College of Charleston's iconic Randolph Hall, pictured on April 21, 2014 in Charleston, S.C.
Alice Keeney—Washington Post/Getty Images
By Katie Reilly
August 31, 2016

The College of Charleston on Tuesday temporarily suspended all alcohol-related activities for its fraternities and sororities, citing disruptive parties and excessive drinking among students.

The announcement came a day after the school was ranked 15th on the Princeton Review’s list of the nation’s top party schools.

“This is not a knee-jerk reaction to an isolated incident, but rather a serious response to a series of dangerous behaviors connected to some members of our fraternities and sororities, ranging from disruptive parties out in the community this month to recent medical transports related to extreme intoxication,” College of Charleston President Glenn McConnell wrote in a message to the campus community on Tuesday.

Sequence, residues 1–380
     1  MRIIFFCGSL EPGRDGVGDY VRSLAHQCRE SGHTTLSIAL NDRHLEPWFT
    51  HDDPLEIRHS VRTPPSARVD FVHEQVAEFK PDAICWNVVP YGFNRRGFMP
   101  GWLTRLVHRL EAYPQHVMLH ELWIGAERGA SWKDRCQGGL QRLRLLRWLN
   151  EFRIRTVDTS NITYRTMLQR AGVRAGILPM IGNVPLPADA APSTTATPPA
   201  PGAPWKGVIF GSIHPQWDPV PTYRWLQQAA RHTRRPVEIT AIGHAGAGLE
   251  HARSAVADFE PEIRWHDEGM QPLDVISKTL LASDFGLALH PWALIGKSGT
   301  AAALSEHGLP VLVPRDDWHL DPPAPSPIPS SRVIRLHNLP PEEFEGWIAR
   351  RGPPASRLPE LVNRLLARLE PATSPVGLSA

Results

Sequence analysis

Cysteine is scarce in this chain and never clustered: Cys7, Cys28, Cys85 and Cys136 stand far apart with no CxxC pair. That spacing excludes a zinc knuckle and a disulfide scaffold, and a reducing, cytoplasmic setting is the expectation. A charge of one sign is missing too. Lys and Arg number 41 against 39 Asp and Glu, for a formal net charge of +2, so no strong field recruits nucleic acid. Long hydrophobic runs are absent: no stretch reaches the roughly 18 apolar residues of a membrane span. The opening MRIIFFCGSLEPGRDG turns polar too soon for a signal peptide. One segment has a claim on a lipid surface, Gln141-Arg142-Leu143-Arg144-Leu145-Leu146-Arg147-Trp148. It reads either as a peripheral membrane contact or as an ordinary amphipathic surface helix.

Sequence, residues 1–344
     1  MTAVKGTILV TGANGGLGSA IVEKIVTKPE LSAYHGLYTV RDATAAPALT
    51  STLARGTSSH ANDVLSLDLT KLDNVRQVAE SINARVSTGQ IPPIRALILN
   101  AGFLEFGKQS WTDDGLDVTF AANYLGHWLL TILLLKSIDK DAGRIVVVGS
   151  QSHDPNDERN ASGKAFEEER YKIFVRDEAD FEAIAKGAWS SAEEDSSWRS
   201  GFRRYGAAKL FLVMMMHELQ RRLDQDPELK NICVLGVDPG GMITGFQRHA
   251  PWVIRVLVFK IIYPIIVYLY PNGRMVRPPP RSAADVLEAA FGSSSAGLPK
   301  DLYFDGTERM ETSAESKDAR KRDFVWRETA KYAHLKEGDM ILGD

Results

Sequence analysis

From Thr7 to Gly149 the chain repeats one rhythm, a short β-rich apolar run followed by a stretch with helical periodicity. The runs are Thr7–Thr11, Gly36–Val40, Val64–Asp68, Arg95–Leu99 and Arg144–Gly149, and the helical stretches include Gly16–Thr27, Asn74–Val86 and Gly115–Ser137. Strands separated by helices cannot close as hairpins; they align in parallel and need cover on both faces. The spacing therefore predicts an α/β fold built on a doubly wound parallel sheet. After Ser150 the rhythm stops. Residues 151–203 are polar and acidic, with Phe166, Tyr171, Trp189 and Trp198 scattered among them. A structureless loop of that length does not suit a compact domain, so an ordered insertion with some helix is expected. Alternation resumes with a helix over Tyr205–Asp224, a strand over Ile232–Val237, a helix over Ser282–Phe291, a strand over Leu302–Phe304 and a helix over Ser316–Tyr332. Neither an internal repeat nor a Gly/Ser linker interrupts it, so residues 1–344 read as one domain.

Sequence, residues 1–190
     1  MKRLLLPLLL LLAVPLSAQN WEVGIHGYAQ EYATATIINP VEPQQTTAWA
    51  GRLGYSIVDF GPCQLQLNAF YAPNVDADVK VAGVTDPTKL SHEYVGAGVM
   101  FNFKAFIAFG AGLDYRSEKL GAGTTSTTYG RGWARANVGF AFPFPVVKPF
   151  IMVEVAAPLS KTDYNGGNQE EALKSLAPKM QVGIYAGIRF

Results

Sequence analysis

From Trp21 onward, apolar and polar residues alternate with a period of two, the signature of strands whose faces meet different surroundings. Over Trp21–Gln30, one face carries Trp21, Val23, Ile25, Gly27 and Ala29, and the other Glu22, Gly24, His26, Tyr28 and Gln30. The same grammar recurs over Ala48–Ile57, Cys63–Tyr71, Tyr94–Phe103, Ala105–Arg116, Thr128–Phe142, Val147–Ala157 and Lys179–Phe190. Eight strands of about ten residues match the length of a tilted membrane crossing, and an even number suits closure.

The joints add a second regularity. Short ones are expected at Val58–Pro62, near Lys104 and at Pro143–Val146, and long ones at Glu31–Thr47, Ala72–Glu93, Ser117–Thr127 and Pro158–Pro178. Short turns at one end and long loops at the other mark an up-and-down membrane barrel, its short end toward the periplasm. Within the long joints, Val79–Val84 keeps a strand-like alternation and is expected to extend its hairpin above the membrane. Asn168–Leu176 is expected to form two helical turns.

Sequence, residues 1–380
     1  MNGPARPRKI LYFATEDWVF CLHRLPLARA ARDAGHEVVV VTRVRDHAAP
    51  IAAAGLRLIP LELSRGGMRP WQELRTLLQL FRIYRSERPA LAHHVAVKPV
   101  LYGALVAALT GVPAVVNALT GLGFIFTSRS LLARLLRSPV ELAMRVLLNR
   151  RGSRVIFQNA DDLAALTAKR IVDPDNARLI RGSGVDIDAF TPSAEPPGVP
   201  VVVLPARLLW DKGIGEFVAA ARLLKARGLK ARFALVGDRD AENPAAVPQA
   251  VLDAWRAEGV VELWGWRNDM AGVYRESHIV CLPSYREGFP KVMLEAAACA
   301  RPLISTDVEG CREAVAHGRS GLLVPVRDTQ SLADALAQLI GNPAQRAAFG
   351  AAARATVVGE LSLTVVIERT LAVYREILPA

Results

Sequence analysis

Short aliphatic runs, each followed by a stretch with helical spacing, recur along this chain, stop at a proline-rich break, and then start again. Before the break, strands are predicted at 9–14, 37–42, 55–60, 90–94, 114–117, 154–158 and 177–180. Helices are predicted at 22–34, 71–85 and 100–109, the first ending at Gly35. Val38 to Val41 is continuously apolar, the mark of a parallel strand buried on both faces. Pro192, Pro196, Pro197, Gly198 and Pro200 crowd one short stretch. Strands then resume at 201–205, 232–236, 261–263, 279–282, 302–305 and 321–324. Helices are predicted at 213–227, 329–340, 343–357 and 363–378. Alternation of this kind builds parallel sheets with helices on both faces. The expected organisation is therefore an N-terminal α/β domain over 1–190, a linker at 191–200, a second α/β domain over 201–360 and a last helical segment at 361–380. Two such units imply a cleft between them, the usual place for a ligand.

“Enough is enough. This type of reckless and dangerous behavior will not be tolerated. While we have a robust and comprehensive education and disciplinary conduct process for drug and alcohol abuse, clearly the message is not getting through to all students.”

Read more: Why Banning Hard Alcohol on College Campuses May Not Be the Answer

McConnell said he consulted with fraternity and sorority leaders before making the decision. He said he plans to lift the suspension after all members of Greek life complete trainings about alcohol and substance abuse and bystander intervention.

Other universities have similarly restricted or banned alcohol, often after incidents of sexual assault or excessive partying on their campuses. Dartmouth, Bates, Bowdoin and Colby colleges all have bans on hard liquor. The University of Virginia instituted restrictions on hard liquor at fraternities and sororities, requiring that a bartender be hired to serve hard liquor at events.

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